Q: My 8-year-old son is sucking his thumb and will not give it up. How can we break him of this habit?
-- Tim Richardson,
A: At age 7 or older, this becomes a delicate situation. It is possible to help older children stop thumb sucking, but parents must know how and when to get involved.
They must also be patient. Even under the best of circumstances, breaking the habit in older children usually takes a month to six weeks.
The first thing parents need to do is bolster their resolve as to why it's important to go to the trouble it's going to take to end this destructive cycle.
"Thumb sucking can have a major impact on teeth alignment and facial appearance, and facial appearance has a major impact on how people initially respond to you," says Susan Heitler, a clinical psychologist who has been helping children quit thumb sucking for the past 10 years.
"This is not a trivial factor," says Dr. Heitler, author of "David Decides: No More Thumb Sucking" (Avon Books) and a private therapist in Denver, Colo.
Then there are the risks to self-esteem. Most school-age children figure out on their own that thumb sucking is not socially acceptable.
Indeed, a 1993 study published in the Journal of the American Academy of Pediatrics indicated that first-graders viewed their thumb-sucking peers as being less attractive and desirable as friends.
Research shows about 6 percent of all children age 7 to 11 still suck their thumbs, and by this age, Ms. Heitler says most of them probably do it only in private. Hiding this habit can lead to shame.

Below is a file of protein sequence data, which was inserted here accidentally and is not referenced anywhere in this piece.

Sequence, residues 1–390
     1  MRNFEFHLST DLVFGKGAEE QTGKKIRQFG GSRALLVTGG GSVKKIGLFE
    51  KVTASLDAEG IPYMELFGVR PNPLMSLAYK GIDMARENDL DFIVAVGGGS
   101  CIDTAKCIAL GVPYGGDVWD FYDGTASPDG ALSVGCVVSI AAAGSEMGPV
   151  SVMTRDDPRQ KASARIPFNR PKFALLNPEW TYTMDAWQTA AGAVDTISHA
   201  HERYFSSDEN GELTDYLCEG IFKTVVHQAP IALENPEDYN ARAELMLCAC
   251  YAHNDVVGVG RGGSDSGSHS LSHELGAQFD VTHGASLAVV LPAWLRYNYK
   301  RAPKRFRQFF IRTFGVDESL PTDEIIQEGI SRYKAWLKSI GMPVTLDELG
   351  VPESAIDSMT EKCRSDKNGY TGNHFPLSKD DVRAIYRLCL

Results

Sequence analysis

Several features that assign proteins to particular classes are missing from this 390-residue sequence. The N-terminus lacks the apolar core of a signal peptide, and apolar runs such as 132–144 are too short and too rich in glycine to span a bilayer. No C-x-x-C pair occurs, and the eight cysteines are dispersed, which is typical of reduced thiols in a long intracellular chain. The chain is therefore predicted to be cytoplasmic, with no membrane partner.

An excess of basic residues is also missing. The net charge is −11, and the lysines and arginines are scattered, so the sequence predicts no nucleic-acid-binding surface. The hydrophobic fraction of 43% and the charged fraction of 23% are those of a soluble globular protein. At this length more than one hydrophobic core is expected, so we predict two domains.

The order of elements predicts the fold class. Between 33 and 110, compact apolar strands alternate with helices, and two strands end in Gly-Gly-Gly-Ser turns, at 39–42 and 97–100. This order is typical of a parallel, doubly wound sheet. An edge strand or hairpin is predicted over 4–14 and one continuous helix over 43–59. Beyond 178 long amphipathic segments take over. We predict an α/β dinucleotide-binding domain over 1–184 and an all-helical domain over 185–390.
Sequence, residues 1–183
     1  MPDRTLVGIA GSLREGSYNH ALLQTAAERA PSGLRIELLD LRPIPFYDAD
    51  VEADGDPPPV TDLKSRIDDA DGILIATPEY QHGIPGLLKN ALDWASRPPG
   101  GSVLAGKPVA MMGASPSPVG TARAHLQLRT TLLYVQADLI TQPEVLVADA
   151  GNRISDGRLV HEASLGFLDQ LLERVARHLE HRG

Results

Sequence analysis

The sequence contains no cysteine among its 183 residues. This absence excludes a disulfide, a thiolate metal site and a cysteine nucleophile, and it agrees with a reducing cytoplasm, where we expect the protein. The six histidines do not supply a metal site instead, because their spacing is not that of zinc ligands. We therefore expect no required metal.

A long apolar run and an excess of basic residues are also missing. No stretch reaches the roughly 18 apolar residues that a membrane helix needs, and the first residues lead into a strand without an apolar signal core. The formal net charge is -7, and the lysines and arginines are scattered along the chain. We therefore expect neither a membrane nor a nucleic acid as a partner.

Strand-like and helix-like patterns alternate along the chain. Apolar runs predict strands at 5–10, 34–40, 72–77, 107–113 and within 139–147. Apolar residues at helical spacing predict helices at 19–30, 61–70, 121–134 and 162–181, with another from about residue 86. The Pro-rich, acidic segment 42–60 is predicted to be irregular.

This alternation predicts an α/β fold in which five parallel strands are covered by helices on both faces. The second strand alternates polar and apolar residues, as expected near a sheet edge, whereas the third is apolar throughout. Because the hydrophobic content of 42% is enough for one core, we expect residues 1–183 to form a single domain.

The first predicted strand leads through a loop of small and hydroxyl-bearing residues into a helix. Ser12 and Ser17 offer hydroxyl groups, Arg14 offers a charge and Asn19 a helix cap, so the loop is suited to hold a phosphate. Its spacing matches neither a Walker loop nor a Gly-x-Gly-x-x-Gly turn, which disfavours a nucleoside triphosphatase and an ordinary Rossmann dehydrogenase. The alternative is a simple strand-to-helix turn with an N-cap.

Deep down, most children at this age probably do want to stop, and the trick for parents is to help them make this decision on their own. That's the crux of the method Dr. Heitler devised to help her four children stop thumb sucking, a method that has since been used by dentists all over the country.
Ms. Heitler's method contains a lot of components that other parents also called Child Life to suggest:
Explain the negative effects of thumb sucking to the child's teeth and bone structure. Cover the thumb with bandages or gloves, especially at night, to help remind the child not to suck. Mark each successful half-day or day with a star on a calendar and let children earn $1 (or points toward another desired reward) for every thumb-free period.
Dr. Heitler's method uses all of these techniques simultaneously. Plus, it adds the essential first step of leading the child to decide to quit on his or her own.
"The first step is to motivate the child," Dr. Heitler says. "Make it the child's project, and you are just the consultant, not a policeman. When you transfer the responsibility onto the child, the odds of success go zooming up."
In 30 years as a pediatric dentist, Arthur Nowak, president-elect of the American Academy of Pediatric Dentistry, hasn't seen a lot of 8-year-old thumb suckers, probably because he begins counseling parents on how to help their children stop when they are much younger.
But in his experience, children who are still sucking at age 8 typically have other problems or pressures that he feels attribute to the tenacity of the habit.
"I always ask if the child has any problems at home or school, what sort of friends does he have and whether he feels good about himself," says Dr. Nowak, a professor in the departments of pediatric dentistry and pediatrics at the University of Iowa.
If the child isn't ready to quit, Dr. Heitler suggests waiting three months and trying again. "That can be face-saving for everyone."